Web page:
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The Ashkenazic Jewish world begins its recitation of selichot - the penitential prayers of the season of the High Holy Days this coming Saturday night. Our Sephardic brethren have already been reciting their version of selichot for some weeks already, since the onset of the month of Elul. All of these prayers center about the continued recitation of the thirteen attributes of the Almighty as revealed to Moshe after Israel's sin of the Golden Calf. In them, we appeal for God's mercy and forgiveness as we approach the days of judgment and awe. The custom of reciting such selichot prayers is an ancient one, dating back at least to the sixth century in Jewish Babylonia. Almost every major rabbinic figure through the fifteenth century tried his hand in composing selichot. Out of the literally thousands of poems written, a few hundred have actually been incorporated into the standard ritual of the various groupings of Jews. The Sephardim naturally favor the poems of the great Sephardic poets such as Yehuda HaLevi, Avraham ibn Ezra, Shlomo ibn Gavriel (Gabirol) and Donash ibn Lavrat. The list of Ashkenazic poets of selichot poems includes Rashi (Rabi Shlomo ben Yitzchak), Rabi Shimon of Mainz, Rabenu Tam (Rabi Yaacov ben Meir, Rashi's grandson, Rabi Shmuel ben Meir (another grandson of Rashi)) and other notable French, German and Austrian scholars. Suffice it to say, the rabbinic elite, the great men of Israel, all took part in this project of selichot poetry and prayer.

Poetry was once an important aspect of Jewish religious life. It was also part of Jewish culture. In the world of the Sephardim during the Golden Age of Spanish Jewry and thereafter, Hebrew poetry flourished. The great Hebrew poets of Spain mentioned above did not restrict their poetic talents to liturgy and sacred poems. They also wrote secular and general poems, even about romance and nature. However, poems of this nature were practically unknown in the Ashkenazic Jewish world until the time of the Haskala in the nineteenth century. Poems of secular or even general nature were never accepted in Ashkenazic religious circles as being necessary or even positive. The fact that most if not all of the poets of the Haskala were no longer observant Jews undoubtedly colored this attitude of rejection of all secular poetry. In the religious world of Ashkenazic Jewry, poetry was strictly restricted to those of a spiritual and liturgical nature. The nature of poetry itself was far different in the Ashkenazic world than amongst the Sephardim. Style, elegance of phrase and meter, and the rhythm of the sound of words combining with each other were all hallmarks of the Sephardic poetry, expressed even in their religious and liturgical poetry. Learned and ethical content were stressed in the Ashkenazic poetry, and style took a back seat to substance. However, both in Sephardic and Ashkenazic selichot poetry, the use of acrostics, alphabets and biblical quotations as being the chorus of the poem, all are usual components. The name of the poet himself is often hidden in the poem itself by the use of those devices just mentioned. Also, the poem always contained an intriguing mystery of authorship and other subliminal messages waiting to be deciphered by those who read and recited the poem as part of the selichot services.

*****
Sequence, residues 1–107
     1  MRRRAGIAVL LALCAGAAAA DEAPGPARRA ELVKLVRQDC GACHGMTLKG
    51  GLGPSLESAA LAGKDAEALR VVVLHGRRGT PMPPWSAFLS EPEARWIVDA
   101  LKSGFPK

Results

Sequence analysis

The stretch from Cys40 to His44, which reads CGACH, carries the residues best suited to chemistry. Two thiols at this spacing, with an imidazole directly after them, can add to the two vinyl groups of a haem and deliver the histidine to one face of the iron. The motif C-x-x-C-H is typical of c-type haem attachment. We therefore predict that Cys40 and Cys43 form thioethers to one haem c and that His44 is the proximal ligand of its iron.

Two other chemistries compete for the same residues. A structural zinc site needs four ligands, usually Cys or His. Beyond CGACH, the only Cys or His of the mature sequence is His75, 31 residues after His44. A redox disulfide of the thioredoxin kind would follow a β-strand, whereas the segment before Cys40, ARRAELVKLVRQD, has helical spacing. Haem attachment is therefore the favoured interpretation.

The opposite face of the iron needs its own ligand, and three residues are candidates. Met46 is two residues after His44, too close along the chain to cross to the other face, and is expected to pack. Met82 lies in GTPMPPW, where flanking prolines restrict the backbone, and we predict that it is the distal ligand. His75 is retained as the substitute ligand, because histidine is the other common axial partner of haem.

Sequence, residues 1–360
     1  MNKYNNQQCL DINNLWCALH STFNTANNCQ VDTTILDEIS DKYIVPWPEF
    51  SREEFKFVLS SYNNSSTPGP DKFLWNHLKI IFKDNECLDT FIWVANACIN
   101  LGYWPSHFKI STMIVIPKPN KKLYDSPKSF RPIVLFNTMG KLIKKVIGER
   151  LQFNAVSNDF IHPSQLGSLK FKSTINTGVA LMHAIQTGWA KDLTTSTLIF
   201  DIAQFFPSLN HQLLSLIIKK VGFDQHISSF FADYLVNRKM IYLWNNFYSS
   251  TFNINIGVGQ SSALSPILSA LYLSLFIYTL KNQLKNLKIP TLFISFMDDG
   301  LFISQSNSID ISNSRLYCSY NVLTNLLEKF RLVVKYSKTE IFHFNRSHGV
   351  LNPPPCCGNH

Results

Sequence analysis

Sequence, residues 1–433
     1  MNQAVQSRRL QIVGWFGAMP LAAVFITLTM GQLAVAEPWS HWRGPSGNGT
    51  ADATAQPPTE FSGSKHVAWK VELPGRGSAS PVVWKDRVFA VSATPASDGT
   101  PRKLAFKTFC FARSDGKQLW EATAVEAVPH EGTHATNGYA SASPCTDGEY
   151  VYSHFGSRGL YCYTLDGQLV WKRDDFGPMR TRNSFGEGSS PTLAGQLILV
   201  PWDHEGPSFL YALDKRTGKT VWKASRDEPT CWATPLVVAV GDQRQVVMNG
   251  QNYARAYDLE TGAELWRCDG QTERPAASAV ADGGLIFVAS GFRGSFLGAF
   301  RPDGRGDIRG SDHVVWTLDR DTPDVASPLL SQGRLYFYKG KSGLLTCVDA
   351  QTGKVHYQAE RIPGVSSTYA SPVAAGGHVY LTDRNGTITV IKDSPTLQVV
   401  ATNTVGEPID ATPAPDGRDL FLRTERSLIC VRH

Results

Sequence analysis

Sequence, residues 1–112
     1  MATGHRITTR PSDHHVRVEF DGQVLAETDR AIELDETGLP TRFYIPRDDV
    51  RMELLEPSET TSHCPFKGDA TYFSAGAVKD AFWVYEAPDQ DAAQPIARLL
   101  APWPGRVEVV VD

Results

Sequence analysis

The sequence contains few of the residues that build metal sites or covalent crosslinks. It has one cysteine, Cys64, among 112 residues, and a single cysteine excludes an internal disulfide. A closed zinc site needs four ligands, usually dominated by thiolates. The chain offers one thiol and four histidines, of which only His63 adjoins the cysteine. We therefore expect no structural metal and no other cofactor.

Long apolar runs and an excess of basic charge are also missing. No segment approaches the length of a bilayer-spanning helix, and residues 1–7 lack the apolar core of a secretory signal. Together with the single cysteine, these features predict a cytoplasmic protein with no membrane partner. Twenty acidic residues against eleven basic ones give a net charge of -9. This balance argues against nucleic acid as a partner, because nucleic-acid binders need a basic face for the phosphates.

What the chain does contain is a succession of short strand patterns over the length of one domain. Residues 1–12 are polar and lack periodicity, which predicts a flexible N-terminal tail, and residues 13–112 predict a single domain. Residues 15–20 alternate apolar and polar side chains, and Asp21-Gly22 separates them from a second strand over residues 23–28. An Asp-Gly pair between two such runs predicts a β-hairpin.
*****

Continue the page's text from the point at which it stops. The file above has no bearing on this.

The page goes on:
In the Ashkenazic world, there were three main compilations of selichot that became fixed in tradition over the years. One is called the liturgy of Lithuania and is the one basically in use in the Lithuanian yeshivot and the non-Chasidic synagogues of Jerusalem and the world. The second compilation is that of Poland and is used extensively by the differing Chasidic groupings. There is also a compilation that follows the liturgy of the holy Ari (Rabbi Isaac Luria of sixteenth century Tzfat) that is used by certain Chasidic groups. The Sephardim also have many variations of their basic selichot liturgy, depending upon their original countries of origin. The choice of which poems to include in the liturgy of the selichot service is apparently one left to the popularity of the poem and/or the poet in the eyes of the worshippers. The liturgical poem, Keter Malchut (The Crown of Royalty) written by Rabi Shlomo ibn Gabirol is recited on the night of Yom Kippur in may Sephardic congregations. This long poem of approximately one hundred stanzas is one of the true classics of all Hebrew poetry, both in stylish elegance and holy content. Selichot provided an outlet to the genius and creativity of the Jewish muse.

Shabat shalom.
Berel Wein

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